• Early IVC Filter Use Fails to Cut Embolic Risk After Trauma

    Some may benefit when anticoagulants are contraindicated in first week post-injury

    Early placement of an inferior vena cava (IVC) filter in trauma patients does not reduce their risk of pulmonary embolism or death, Australian researchers found.

    They reported that placing a vena cava filter in severely injured patients within 72 hours of hospital admission resulted in an incidence of symptomatic pulmonary embolism or death of 13.9%, compared with 14.4% for no such placement (HR 0.99, 95% CI 0.51-1.94), reported Kwok Ho, PhD, of Royal Perth Hospital, and colleagues.

    The team did find, however, that prophylactic use of an IVC filter may provide some benefit for severely injured patients who were unable to take anticoagulants in the first 7 days after injury.

    The study was published online in the New England Journal of Medicine, simultaneously with its presentation at the International Society on Thrombosis and Haemostasis congress in Melbourne, Australia.

    Venous thromboembolism frequently occurs in patients who experience major trauma, with one study showing that without prophylactic anticoagulation, proximal deep vein thrombosis occurs in about 18% of patients and pulmonary embolism in 11%, Ho and colleagues explained. "Therefore, effective thromboprophylaxis is of paramount importance."

    At the same time, however, anticoagulation puts these patients at an increased risk of bleeding, leading many trauma centers to use IVC filters as a primary means to prevent pulmonary embolism.

    "This approach has been taken despite the limited high-quality data to guide the use of these devices," the investigators noted.

    Their aim, therefore, they said, was to evaluate whether early placement of these filters reduces the risk of pulmonary embolism or death in severely injured patients who have a contraindication to prophylactic anticoagulation.

    The team randomly assigned 240 patients with severe injuries (median injury severity score of 27 based on a scale of 0-75) and a contraindication to anticoagulant agents to either have or not have a vena cava filter placed within the first 72 hours after hospital admission for the injury.

    The primary endpoint of the study was a composite of symptomatic pulmonary embolism or death from any cause at 90 days after enrollment. A secondary endpoint was symptomatic pulmonary embolism from day 8 through 90 in patients who survived at least 7 days and did not receive prophylactic anticoagulation within 7 days after injury.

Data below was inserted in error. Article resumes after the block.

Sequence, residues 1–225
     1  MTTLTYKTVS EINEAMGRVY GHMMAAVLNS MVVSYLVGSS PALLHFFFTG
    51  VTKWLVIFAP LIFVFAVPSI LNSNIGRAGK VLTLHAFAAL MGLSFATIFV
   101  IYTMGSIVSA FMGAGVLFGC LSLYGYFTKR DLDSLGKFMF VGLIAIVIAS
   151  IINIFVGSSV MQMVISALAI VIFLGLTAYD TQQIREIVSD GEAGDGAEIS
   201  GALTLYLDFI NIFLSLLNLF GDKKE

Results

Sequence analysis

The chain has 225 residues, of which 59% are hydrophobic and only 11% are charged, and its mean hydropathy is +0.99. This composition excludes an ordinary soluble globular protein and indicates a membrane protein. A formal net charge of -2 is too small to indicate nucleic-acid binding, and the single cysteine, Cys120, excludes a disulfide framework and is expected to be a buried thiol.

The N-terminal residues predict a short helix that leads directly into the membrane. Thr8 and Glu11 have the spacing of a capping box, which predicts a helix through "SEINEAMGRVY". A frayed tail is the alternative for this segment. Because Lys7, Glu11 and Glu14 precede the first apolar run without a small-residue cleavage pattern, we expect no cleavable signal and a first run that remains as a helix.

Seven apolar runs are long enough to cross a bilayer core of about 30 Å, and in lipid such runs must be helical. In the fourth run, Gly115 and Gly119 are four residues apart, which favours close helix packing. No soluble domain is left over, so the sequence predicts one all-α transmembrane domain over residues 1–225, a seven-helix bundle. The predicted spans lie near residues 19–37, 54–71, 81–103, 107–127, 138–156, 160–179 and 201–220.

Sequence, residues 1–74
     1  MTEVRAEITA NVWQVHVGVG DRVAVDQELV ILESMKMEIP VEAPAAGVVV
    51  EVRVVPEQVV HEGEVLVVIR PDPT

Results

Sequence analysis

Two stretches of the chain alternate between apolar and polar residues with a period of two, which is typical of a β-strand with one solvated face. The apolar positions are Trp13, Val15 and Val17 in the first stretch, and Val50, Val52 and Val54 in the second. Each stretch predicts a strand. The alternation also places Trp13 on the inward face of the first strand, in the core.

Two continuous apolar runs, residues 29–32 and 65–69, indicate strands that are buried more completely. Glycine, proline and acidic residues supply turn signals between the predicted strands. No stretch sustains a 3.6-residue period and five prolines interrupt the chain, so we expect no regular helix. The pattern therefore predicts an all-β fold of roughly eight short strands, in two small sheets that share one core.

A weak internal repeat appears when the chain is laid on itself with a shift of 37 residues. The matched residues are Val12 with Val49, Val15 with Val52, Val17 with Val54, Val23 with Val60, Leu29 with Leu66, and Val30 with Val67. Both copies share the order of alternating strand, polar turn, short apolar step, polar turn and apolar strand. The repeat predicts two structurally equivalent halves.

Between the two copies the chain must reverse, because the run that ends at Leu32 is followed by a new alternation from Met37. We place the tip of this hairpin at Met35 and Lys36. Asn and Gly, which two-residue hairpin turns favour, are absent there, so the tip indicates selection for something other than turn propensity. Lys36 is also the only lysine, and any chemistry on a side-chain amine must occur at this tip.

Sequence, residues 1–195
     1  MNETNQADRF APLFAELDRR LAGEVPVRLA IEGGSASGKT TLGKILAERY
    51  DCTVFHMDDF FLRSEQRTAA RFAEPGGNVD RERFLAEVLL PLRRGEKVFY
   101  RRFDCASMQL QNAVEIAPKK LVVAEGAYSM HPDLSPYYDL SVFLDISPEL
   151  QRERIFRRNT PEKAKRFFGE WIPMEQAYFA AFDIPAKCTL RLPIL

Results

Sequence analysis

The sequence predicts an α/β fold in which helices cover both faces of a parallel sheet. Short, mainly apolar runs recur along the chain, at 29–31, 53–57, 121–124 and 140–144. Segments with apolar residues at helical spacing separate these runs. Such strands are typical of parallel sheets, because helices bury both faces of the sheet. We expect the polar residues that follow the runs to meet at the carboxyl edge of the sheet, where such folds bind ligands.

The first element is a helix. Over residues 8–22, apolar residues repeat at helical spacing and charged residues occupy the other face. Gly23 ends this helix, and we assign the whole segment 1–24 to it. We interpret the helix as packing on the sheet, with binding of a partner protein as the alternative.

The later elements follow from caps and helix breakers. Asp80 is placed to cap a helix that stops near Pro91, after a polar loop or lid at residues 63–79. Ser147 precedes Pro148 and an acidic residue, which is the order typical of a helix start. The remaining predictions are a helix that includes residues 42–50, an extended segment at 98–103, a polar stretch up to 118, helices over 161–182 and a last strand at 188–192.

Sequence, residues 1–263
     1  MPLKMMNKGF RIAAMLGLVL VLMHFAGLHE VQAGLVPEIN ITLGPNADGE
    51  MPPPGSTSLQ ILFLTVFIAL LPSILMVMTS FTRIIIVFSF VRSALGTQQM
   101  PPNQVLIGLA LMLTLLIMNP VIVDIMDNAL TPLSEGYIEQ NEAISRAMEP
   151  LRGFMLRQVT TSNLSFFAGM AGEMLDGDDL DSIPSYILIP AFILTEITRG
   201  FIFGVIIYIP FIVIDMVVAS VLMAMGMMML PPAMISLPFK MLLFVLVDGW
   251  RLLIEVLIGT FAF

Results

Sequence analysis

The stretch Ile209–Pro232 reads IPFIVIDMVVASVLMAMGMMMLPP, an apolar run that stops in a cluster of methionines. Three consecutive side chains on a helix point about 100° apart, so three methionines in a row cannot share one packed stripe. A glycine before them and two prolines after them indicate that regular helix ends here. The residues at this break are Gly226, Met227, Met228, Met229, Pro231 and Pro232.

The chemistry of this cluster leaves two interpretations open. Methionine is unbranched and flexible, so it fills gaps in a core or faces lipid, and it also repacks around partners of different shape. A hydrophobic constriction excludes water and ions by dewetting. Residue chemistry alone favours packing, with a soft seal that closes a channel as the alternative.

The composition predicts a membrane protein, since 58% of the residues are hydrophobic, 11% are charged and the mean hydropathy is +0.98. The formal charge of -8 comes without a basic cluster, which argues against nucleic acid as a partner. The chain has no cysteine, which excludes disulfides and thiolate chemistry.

"Overall, the incidence of symptomatic pulmonary embolism or death (the primary composite endpoint) was not significantly lower among those in whom a vena cava filter was placed than among those in whom no filter was placed," Ho's group wrote.

    In the subgroup of patients who survived at least 7 days and did not receive prophylactic anticoagulation within the first 7 days after injury (which included 46 patients in the IVC filter group, and 34 in the control group), no patient who received an IVC filter had a symptomatic pulmonary embolism from day 8 through 90.

    However, five of the 34 patients in the control group (14.7%) did have a symptomatic pulmonary embolism during that time, all occurring from day 9 through 19. Of those 34 patients, 69% had intracranial hematomas or contusions, leading the team to suggest that this patient cohort "may benefit from the use of a vena cava filter as a temporizing measure to prevent symptomatic pulmonary embolism."

    Ho and co-authors also pointed out that there are significant risks associated with IVC filters. In this study, for example, an entrapped thrombus was found in the filter in 5% of the patients.

    "Given the cost and risks associated with a vena cava filter, our data suggest that there is no urgency to insert the filter in patients who can be treated with prophylactic anticoagulation within 7 days after injury," the researchers concluded.

    "That's the big take-home from this study," commented Eric A. Secemsky, MD, an interventional cardiologist at Beth Israel Deaconess Medical Center in Boston, who was not involved with the study. "About two-thirds of the patients actually received anticoagulation, and this is what we think is probably sufficient to prevent the occurrence of life-threatening venous thromboembolism (VTE)," he told MedPage Today via email.

    Considering that so many of the patients were receiving anticoagulation prior to IVC filter use, "it's not surprising that those randomized to filters did not get any additional benefit," Secemsky said. "Once people can be on any type of anticoagulation -- whether it is therapeutic doses for symptomatic treatment of VTE, or prophylactic doses for patients at risk for VTE -- in my mind it really removes the need for IVC filter."

    "I think this [study] adds to what we already understand about how to appropriately use IVC filters," he concluded.

     

    Ho reported financial relationships with Medtronic and Cardinal Health, and one co-author reported financial relationships with Bayer, Pfizer, and Merck.

    Source:

    New England Journal of Medicine
    Source Reference: Ho KM, et al "A multicenter trial of vena cava filters in severely injured patients" N Engl J Med 2019; DOI: 10.1056/NEJMoa1806515.

    Read the original article on Medpage Today: Early IVC Filter Use Fails to Cut Embolic Risk After Trauma

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